11:20 pm

Kelsey Sanchez

This article is very interesting due to explaining the story of Nelson Mandela, who showed the importance of justice. The fact that he was put into prison for something not true, Nelson came back stronger and aware of the actions he was going to take. I personally love the last quote in the conclusion, which explains how with freedom come responsibilities. He showed that even if we were to be put in different positions, where they could possibly hurt us the most, we can impact and improve the results of what was once started.



11:20 pm

Rosa Robledo Martinez

Speechless! This article was so amzing, it not only explained what Nelson Mandela was trying to fight for, but it also showed his background information. It’s crazy to think that years ago before we were born, many of our ancestors exprienced discrimination. Nelson Mandela didn’t fear losing his freedom behind bars, he just cared that people around the world get their human rights and freedom that we all deserve. I really enjoyed reading this article, because I didn’t really comprehend what Nelson’s story was and why he fought so hard. But after the reading I undertsan that he wanted everyone to not just be considered equal , but to be viewed equal. Nelson Mandela didn’t allow failure to win although he spent most of his life behind bars , he got his people their freedom.



11:20 pm

Analisa Cervantes

I have heard of Nelson Mandela and his fight to peacefully end apartheid. What I never knew was that he had been arrested more than once. He is an inspiration to us all. I find it amazing that he never gave up even though it resulted in him being arrested and serving time thrice. The two quotes at the beginning and end of the article really set up the mood and tone of the article.



11:20 pm

Courtney Pena

I remember learning about Nelson Mandela and Apartheid in my high school history class. Due to the Rivonia Trials, Nelson Mandela was sentenced to twenty-seven years in prison. I saw a movie on Nelson Mandela in my history class and it showed him seeing his daughter for the first time since he was in prison and the scene was interpreted as emotional. However, Nelson Mandela got released from prison and was eventually able to see his family. He even became the first African head of State for South Africa which made history.



11:20 pm

Mauro Bustamante

Many of our ancestors experienced discrimination. Nelson Mandela didn’t fear losing his freedom behind bars, he just cared that people around the world get their human rights and freedom that we all deserve. He is historical figure and one of the most greatest influencers and game-changers of society. Nelson was able to see the bigger picture in our country moving forward and I think that his story was important to tell. This was an inspiring article because it goes into details about everything that he went through, an fighting for what he believed in.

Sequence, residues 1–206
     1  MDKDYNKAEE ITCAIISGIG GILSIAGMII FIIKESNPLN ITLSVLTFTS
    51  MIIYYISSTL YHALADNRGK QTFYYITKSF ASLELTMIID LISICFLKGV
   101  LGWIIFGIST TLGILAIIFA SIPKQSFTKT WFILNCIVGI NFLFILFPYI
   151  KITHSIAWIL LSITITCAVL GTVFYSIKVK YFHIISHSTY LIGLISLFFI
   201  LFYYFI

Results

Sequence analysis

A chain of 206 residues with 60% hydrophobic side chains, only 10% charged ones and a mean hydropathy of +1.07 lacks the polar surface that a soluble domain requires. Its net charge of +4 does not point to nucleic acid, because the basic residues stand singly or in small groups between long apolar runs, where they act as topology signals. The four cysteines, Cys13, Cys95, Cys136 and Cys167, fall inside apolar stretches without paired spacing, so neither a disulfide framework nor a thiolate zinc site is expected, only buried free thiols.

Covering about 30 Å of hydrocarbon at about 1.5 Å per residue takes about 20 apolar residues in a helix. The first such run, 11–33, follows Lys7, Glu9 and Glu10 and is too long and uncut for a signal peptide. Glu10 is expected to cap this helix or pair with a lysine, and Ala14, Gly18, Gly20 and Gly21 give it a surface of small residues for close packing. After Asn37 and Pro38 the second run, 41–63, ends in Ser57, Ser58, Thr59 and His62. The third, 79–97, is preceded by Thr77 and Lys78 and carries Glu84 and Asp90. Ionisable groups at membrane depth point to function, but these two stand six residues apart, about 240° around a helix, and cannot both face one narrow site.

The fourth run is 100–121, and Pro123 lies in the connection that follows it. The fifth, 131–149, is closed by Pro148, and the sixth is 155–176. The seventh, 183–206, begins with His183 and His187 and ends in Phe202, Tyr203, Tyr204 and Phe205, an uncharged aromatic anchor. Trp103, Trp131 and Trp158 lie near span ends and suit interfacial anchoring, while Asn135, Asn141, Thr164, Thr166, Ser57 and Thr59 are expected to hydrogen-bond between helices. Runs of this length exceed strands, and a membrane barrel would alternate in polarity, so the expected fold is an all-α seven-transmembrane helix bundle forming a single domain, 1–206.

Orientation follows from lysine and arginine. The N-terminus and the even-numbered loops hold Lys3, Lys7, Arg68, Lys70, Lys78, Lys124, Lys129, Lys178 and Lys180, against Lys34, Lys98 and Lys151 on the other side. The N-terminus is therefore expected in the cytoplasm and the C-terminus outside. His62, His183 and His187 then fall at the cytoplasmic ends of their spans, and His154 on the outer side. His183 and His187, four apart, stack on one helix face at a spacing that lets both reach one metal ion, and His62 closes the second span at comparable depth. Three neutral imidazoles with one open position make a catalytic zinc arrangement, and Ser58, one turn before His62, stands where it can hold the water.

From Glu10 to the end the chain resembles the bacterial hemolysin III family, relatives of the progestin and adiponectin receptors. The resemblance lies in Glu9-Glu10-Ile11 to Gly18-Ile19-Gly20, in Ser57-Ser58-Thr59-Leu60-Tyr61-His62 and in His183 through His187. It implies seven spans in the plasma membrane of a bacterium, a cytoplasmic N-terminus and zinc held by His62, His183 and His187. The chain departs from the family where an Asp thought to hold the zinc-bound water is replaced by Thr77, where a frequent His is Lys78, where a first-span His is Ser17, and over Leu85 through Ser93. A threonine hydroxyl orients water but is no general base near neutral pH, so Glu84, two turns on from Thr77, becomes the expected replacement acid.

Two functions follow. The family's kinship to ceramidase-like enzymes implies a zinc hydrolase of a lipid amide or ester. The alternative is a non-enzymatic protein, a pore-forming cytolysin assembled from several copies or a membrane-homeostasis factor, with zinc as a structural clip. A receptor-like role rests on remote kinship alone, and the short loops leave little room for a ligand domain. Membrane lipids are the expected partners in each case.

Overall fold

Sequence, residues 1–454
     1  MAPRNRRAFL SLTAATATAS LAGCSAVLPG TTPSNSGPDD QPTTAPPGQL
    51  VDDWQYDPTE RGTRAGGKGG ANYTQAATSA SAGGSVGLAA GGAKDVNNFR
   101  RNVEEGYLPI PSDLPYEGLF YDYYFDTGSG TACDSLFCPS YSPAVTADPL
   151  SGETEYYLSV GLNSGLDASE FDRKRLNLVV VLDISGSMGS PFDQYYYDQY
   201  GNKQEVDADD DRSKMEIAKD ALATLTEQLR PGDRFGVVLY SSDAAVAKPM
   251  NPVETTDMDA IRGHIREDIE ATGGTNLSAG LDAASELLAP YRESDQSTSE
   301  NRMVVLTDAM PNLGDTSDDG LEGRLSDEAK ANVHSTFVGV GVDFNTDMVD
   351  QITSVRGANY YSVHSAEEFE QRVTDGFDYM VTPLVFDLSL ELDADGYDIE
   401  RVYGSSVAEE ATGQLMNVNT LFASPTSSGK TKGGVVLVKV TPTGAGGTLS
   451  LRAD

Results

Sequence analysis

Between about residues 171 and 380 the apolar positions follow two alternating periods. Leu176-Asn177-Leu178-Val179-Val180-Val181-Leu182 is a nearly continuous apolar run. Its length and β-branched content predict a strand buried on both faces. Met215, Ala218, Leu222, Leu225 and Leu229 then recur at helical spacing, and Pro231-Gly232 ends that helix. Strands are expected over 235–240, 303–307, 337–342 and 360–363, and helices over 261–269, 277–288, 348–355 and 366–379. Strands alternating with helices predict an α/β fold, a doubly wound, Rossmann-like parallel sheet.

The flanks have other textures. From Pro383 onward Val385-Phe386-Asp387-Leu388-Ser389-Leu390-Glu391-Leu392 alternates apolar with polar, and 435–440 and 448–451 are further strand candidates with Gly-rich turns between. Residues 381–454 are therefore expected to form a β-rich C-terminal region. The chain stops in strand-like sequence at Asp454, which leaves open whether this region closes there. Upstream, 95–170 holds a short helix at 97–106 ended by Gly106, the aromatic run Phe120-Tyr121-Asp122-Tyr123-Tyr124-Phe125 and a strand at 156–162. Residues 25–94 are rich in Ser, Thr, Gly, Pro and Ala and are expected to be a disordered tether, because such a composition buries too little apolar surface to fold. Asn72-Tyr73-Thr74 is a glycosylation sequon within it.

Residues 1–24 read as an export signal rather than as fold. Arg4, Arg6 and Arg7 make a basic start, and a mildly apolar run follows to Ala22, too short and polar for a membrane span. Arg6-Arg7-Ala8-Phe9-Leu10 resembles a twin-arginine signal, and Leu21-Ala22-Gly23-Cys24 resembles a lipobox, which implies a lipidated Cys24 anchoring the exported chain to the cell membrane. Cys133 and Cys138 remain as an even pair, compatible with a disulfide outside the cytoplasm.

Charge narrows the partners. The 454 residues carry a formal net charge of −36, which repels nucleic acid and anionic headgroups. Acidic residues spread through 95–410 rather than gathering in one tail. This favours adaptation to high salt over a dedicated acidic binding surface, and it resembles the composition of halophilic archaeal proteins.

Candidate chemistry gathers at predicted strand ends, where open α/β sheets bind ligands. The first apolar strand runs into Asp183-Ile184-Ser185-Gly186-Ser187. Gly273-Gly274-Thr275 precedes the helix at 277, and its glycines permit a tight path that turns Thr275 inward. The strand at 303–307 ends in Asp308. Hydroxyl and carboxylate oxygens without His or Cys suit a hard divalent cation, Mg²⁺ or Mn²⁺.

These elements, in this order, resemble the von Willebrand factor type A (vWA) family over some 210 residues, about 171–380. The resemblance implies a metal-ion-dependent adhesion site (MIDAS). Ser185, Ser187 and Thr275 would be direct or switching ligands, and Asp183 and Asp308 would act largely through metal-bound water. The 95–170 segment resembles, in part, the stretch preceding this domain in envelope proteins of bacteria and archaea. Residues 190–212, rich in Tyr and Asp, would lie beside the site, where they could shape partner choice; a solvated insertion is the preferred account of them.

11:20 pm

Nelly Perez

Nelson Mandela was a strong leader. He won the Nobel Peace Prize and spent twenty seven years in prison. It’s unbelievable to go through a punishment like that for wanting to fight for what was right. He was an influence on the youth to defy the curfews that were given.



11:20 pm

Edith Santos Sevilla

I have heard of Nelson Mandela, but never really learned his story. He is very inspiring and it shows that he really fought for that he believed in. It can be seen as described in the article that even after he was arrested he never gave up on his dream. While I was reading the article I was remembering American history and the discrimination that it was also faced here. It is sad how even in Africa people of color were not treated with respect. Reading that he was committed for treason along with over hundred people it is mind blowing, it took four years of trial and they were found not guilty, which is only fair. All in all, the article was well written and very informative about Nelson Mendel story and the discrimination he faced.



11:20 pm

Hector Membreno

This was my first time reading the full story of Nelson Mandela and I am sad at the struggles he went through but not so surprised. When someone is making so much progress in changing the normal way of thinking the people in power will try and suppress them, such as South Africa government tried to suppress Mandela by sending him to prison 3 times but Mandela showed that when you truly believe and stand for something such things could never suppress the fire that was set inside of him.



11:20 pm

Sydney Hardeman

Nelson Mandela is an inspiration. His fight against apartheid in South Africa is one that every student should learn about. After being arrested multiple times, he continued his fight and never gave up in what he believed. The quote from Mandela at the end of the article is one of my favorites, as he talks about his “long road to freedom.” He understood that the fight against apartheid was a marathon and not a sprint. This just shows that racism is an issue not just in the United States, but across the world.



11:20 pm